MANAGUA, Nicaragua -- The front edge of Hurricane Iota began battering Nicaragua's Caribbean coast Monday night, threatening catastrophic damage to the same part of Central America hit by Hurricane Eta less than two weeks ago.
Iota had intensified into a Category 5 storm early Monday, but the U.S. National Hurricane Center said it weakened slightly by Monday night to Category 4, with maximum sustained winds of 155 mph. It was centered about 30 miles south of the Nicaraguan city of Puerto Cabezas, also known as Bilwi, and moving westward at 9 mph.
Iota was already hitting the Caribbean coasts of Nicaragua and Honduras with torrential rains and strong winds as the western edge of the storm began battering the Nicaraguan coast.
Authorities warned that Iota was projected to come ashore over areas where Eta's torrential rains saturated the soil, leaving it prone to new landslides and floods, and that the storm surge could reach 15 to 20 feet above normal tides.
Cairo Jarquin, Nicaragua emergency response project manager for Catholic Relief Services, had just visited Bilwi and smaller coastal communities Friday.
In Wawa Bar, Jarquin said he found "total destruction." People had been working furiously to put roofs back over their families' heads, but now Iota threatened to take what was left.
"The little that remained standing could be razed," Jarquin said. There were other communities farther inland that he was not able to reach because of the condition of roads. He said he heard that Wawa Bar was evacuated again Saturday.
Evacuations were being conducted from low-lying areas in Nicaragua and Honduras through the weekend.
Limborth Bucardo, of the Miskito Indigenous ethnic group, said many people had moved to churches in Bilwi. He rode out Eta with his wife and two children at home, but this time decided to move in with relatives in a safer neighborhood.
Iota is the record 30th named storm of this year's extraordinarily busy Atlantic hurricane season. It's also the ninth storm to rapidly intensify this season, a dangerous phenomenon that is happening increasingly more often. Such activity has focused attention on climate change, which scientists say is causing wetter, stronger and more destructive storms.
Eta had hit Nicaragua as a Category 4 hurricane, killing more than 130 people as torrential rains caused flash floods and mudslides in parts of Central America and Mexico. Then it moved across Cuba, the Florida Keys and around the Gulf of Mexico before making landfall again near Cedar Key, Fla., and moving across Florida and the Carolinas.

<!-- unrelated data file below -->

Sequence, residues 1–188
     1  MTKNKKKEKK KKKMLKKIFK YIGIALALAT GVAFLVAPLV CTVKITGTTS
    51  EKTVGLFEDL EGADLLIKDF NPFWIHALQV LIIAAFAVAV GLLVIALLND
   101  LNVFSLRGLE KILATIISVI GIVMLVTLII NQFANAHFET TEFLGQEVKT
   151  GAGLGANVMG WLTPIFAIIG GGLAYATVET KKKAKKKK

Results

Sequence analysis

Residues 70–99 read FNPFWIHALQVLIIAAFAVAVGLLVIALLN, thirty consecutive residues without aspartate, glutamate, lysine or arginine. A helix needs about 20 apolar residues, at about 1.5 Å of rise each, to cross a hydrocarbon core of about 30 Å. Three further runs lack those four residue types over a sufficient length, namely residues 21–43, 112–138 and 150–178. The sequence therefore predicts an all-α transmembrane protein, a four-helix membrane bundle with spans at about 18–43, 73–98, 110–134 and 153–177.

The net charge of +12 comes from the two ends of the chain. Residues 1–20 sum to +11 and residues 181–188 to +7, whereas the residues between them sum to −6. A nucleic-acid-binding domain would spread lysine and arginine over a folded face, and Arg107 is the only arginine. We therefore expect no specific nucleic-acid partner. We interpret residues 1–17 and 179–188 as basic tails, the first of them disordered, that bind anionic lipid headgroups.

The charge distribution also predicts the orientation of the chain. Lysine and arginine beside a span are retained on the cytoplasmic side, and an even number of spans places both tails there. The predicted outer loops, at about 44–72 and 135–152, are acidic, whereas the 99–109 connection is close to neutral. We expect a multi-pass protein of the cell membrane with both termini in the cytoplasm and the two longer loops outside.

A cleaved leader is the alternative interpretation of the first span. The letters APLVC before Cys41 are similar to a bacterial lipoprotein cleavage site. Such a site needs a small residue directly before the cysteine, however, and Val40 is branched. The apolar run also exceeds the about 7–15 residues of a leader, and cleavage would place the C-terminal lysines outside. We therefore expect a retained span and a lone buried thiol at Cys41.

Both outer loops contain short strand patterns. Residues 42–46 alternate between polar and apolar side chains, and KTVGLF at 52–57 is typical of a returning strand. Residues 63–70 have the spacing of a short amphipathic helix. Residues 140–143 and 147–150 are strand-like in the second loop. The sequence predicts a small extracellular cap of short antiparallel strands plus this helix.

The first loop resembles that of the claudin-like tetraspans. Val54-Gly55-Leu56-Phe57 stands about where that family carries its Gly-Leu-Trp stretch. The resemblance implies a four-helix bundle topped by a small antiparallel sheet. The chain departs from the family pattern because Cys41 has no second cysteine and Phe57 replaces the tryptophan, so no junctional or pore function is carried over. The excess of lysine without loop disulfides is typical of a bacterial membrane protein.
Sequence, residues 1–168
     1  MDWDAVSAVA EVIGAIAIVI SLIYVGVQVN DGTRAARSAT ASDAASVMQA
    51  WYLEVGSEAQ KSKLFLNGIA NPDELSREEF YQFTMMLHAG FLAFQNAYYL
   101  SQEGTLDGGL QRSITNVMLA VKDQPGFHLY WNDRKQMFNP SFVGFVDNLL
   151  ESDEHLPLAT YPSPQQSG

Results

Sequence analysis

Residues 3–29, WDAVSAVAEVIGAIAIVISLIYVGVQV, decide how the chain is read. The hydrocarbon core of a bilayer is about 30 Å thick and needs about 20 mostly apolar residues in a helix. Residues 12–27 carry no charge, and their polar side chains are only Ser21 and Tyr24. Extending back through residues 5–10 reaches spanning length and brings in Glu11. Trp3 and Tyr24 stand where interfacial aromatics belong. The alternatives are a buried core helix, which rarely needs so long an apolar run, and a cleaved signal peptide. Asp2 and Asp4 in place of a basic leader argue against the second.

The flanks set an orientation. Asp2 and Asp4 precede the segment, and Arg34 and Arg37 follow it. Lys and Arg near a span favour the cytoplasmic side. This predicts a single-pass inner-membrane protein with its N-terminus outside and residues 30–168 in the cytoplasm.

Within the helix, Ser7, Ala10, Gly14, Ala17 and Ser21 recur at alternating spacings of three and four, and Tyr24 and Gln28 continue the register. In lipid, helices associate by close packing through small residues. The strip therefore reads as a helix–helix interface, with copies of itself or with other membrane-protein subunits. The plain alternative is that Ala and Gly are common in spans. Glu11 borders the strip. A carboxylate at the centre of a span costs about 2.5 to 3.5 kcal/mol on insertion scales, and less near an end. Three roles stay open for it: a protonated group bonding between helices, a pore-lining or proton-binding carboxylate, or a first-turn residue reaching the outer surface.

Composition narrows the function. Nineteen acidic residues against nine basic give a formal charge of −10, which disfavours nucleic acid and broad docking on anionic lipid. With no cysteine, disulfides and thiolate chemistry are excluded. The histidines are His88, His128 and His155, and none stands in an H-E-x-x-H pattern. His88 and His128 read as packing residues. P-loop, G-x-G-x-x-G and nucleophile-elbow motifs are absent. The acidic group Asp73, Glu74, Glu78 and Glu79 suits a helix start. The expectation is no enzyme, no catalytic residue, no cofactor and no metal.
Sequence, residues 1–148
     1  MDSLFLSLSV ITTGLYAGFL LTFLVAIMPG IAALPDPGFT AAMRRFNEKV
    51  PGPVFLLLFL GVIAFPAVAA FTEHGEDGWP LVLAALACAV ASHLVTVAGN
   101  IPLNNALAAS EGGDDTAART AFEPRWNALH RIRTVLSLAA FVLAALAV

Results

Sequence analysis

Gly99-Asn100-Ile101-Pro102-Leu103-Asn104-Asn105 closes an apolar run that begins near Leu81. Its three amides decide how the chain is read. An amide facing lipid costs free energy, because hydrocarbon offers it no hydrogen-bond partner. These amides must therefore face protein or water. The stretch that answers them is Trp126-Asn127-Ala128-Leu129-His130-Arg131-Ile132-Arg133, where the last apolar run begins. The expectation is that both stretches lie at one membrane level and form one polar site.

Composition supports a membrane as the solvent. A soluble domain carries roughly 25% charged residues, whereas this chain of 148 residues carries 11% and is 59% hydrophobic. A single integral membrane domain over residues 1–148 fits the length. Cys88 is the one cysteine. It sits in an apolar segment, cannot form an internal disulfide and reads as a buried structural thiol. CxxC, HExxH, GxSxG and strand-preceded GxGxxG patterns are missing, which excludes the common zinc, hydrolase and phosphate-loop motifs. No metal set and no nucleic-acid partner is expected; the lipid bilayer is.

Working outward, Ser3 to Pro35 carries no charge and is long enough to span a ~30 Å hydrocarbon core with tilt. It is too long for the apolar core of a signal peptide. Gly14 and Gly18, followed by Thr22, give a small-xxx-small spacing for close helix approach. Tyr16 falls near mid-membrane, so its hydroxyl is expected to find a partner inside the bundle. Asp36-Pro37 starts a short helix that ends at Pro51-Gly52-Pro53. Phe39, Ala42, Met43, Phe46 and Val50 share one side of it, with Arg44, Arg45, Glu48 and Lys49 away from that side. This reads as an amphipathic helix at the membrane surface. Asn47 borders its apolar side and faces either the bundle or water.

Iota was forecast to drop 10 to 20 inches of rain in northern Nicaragua, Honduras, Guatemala and southern Belize, with as much as 30 inches in isolated spots. Costa Rica and Panama also could experience heavy rain and possible flooding, the hurricane center said.
The prospect of more rain was raising the anxiety of those still homeless after Eta.
On Monday, Carmen Isabel Rodriguez Ortez, 48, was still living inside a government shelter with more than 250 people in La Lima, Honduras, just outside San Pedro Sula.
"We're living a real nightmare," she said. The Chamelecon river flooded her Reformada neighborhood as Eta passed, submerging their homes. "Now they announce more rain and we don't know what's going to happen, because our homes are completely flooded."
Eta was this year's 28th named storm, tying the 2005 record. Remnants of Theta, the 29th, dissipated Sunday in the eastern Atlantic Ocean.
Over the past couple of decades, meteorologists have been more worried about storms like Iota that power up much faster than normal. They created an official threshold for this rapid intensification -- a storm gaining 35 mph in wind speed in just 24 hours. Iota doubled it.
Earlier this year, Hannah, Laura, Sally, Teddy, Gamma, Delta, Zeta and Eta all rapidly intensified. Laura and Delta tied or set records for rapid intensification.
This is the first time on record that the Atlantic had two major hurricanes, with winds exceeding 110 mph, in November, with Iota and Eta, according to Colorado State University hurricane researcher Phil Klotzbach. When Iota's top winds reached 155 mph, they tied with 1999's Lenny for the strongest Atlantic hurricane this late in the calendar year.
The official end of the hurricane season is Nov. 30.
Information for this article was contributed by Marlon Gonzalez, Seth Borenstein and Christopher Sherman of The Associated Press.